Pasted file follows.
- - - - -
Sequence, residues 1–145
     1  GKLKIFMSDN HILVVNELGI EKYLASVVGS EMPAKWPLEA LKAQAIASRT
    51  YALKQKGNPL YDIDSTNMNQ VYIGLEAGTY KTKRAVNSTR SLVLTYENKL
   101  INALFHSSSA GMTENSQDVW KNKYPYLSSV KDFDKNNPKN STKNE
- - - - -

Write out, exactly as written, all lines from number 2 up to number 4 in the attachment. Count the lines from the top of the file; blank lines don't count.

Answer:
     1  GKLKIFMSDN HILVVNELGI EKYLASVVGS EMPAKWPLEA LKAQAIASRT
    51  YALKQKGNPL YDIDSTNMNQ VYIGLEAGTY KTKRAVNSTR SLVLTYENKL
   101  INALFHSSSA GMTENSQDVW KNKYPYLSSV KDFDKNNPKN STKNE